working at the “soup kitchen” in salt lake – get an idea of the ‘reality’ even though the city has been patting itself on the back for the reduction in numbers of ‘homeless’ … interesting how they went about that. created a large mall next to the ‘homeless-park’ and then used that as an excuse to clear it out, while enacting legislation allowing police to arrest citizens for vagrancy. it all seems to run in circles.
my stand has always been that opportunity and education are essential to better civilization. was horrified when first came to utah and found that many high school drop-outs were drop-outs because their parents could not afford to pay for textbooks. have never heard of such a thing, that even the “free” public education was put out of reach for the utah-poor. and this is a highly theocratic state, and good example of how religious bodies are not necessarily the most compassionate for running a government.
it’s perspective …. the homeless man who “palms” his ticket for lunch at the soup kitchen — and yet a child who ‘bought’ that ticket comes up for an extra plate of food to share with his brothers and sisters……… part of me can’t stop crying inside. what can we do? education, opportunity, and simple human kindness. don’t lose sight of ‘far-away’ possibilities even though they seem somewhat idealistic.
is the system ‘broken?’ was it ever whole? i can’t get over the fact, that in order for some to feel charitable, others must be in need. and so one looks at the NEED to ‘be’ charitable, and how that type of … encouragement leads to a self-fulfilling prophecy where worse situations for others are actually created according to the ‘need’ for ‘helping’ — research needs to go into understanding this more fully.
the need for man himself, to look down upon others and therefore feel more elevated. and it’s even worse, in a way, to feel ‘elevated’ according to ones own degree of compassion. because the optimum state, would be to have no NEED for that compassion. for there to be greater strives toward equality and opportunities that don’t limit certain types or groups to ‘worse’ fates.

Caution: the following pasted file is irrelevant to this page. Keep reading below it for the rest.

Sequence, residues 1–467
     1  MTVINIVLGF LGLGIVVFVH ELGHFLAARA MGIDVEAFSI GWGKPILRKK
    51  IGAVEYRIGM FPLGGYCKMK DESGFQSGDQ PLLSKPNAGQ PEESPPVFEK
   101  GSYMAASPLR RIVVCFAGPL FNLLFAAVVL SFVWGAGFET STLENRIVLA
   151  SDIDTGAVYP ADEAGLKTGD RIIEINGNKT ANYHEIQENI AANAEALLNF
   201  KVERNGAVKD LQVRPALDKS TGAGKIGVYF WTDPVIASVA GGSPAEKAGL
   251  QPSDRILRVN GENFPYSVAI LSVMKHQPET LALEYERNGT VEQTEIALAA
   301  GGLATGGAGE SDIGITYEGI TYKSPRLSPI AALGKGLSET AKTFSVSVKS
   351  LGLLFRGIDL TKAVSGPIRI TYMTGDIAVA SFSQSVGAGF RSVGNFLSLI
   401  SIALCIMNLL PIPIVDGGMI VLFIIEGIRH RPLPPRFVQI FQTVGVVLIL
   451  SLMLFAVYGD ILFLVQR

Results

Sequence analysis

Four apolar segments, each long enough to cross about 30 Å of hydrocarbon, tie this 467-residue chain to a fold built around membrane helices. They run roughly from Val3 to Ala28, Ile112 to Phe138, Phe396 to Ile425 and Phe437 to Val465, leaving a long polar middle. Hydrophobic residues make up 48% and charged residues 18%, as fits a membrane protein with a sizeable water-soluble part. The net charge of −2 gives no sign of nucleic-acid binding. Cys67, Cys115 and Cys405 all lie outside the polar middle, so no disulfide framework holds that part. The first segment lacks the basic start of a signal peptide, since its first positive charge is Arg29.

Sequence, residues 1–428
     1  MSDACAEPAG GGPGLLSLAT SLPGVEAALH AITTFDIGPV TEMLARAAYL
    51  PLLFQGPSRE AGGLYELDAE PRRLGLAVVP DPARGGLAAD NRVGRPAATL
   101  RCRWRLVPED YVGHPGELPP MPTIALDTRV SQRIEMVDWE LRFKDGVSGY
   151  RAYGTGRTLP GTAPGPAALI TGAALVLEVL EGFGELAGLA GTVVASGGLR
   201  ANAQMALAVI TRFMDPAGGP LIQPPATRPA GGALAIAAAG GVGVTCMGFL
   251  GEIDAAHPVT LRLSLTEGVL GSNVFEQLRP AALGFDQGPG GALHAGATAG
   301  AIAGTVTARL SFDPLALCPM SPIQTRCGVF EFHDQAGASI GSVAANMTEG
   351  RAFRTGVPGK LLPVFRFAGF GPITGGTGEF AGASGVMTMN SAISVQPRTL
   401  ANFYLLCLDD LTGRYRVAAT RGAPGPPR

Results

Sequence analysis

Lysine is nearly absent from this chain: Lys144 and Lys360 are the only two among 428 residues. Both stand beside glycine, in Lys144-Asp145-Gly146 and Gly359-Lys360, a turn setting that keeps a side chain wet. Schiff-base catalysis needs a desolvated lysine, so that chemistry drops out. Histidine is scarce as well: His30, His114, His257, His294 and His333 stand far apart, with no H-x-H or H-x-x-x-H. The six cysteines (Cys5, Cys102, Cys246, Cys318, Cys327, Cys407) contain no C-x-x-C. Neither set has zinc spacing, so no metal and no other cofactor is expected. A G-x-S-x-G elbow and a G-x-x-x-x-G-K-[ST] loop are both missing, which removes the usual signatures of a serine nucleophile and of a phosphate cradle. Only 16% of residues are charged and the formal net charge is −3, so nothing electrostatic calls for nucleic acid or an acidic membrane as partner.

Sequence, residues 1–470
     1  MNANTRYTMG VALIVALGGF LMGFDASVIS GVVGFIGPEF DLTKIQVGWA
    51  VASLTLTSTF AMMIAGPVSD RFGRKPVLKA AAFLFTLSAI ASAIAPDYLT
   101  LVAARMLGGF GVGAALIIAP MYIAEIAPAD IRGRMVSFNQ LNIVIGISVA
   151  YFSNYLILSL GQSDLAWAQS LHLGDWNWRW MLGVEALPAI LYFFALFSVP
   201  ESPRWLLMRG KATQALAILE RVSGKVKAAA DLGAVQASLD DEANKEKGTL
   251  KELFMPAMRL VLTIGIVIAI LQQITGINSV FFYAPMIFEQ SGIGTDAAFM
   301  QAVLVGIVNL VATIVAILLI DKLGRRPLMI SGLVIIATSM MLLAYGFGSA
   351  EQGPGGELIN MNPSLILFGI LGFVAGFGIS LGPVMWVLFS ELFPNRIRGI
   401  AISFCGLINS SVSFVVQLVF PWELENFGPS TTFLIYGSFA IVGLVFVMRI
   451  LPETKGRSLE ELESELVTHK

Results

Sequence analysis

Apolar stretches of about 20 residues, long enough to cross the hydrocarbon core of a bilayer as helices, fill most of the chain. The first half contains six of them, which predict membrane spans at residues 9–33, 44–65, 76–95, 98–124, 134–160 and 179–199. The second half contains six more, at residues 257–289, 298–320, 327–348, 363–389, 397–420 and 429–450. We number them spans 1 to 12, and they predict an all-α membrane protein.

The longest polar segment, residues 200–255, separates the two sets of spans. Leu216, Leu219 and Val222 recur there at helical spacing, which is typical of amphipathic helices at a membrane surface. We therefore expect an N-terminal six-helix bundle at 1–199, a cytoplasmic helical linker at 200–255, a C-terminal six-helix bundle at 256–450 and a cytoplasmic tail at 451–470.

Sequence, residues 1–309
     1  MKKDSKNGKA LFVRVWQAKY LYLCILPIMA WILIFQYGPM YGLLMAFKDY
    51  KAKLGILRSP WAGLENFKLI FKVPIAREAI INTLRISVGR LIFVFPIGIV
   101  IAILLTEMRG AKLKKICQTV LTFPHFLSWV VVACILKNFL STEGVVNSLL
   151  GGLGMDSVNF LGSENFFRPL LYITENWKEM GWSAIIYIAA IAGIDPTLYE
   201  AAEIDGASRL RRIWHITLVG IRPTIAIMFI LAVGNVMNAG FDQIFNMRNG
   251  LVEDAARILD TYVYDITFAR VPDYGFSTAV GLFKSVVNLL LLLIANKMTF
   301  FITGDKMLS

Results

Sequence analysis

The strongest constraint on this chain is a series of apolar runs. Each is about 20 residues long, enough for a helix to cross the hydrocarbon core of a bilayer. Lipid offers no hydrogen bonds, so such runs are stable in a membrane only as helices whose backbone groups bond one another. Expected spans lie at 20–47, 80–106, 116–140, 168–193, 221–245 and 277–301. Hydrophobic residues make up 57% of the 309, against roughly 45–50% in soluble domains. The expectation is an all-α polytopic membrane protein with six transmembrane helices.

therefore the actual enemy within our system and society, is the pecking order. the maintenance of class levels and class-driven idealization. how to combat that? one group at a time, one person at a time. must drop assumptions that humans are or can be “born bad” and fully conclude that EVERY PERSON ON THIS PLANET is a product of their environment.
the man who palmed his ticket was very proud, and laughed as he walked away. to me, that spells out a much greater need than just food.
how to escape ones own arrogance? temptations of superiority. these are the roots for understanding the human condition. deprivation. when you go without food, you don’t necessarily hunger for more and more food down the road. but when you go without respect, the hunger on that path never ends.
not until those on the bottom are crushed by the weight of those who would consider them no-count, nothing. not until spirit is killed and a human being is robbed of all hope. my only answer is education, opportunity, and not shooting ourselves in the foot by unconsciously creating situations where you can then ride in and become the hero.
the world doesn’t need more heroes, the world needs more fair-play. is an interesting observational opportunity in salt lake city, utah. where the religious order is SO great, and the children from the LDS church actively look for charity and causes where they can be of “service.” and then it is the legislation, the system enacted by their parents, which creates much of the social and economic disparity in the FIRST PLACE.
and the desperation to “find” someone to help, is almost greater than any desperation seen in those who might need it. so an interesting place to observe how that system topples itself.
i wanted to WALK to church, and it became so tiring to refuse offered rides from dozens of members, that i became disgusted and weary. it was like i was their token poor person. the mormon church pecking order is a particularly vicious one. which would indicate that within a greater moral character, there is greater enforcement of class levels and class-driven idealization.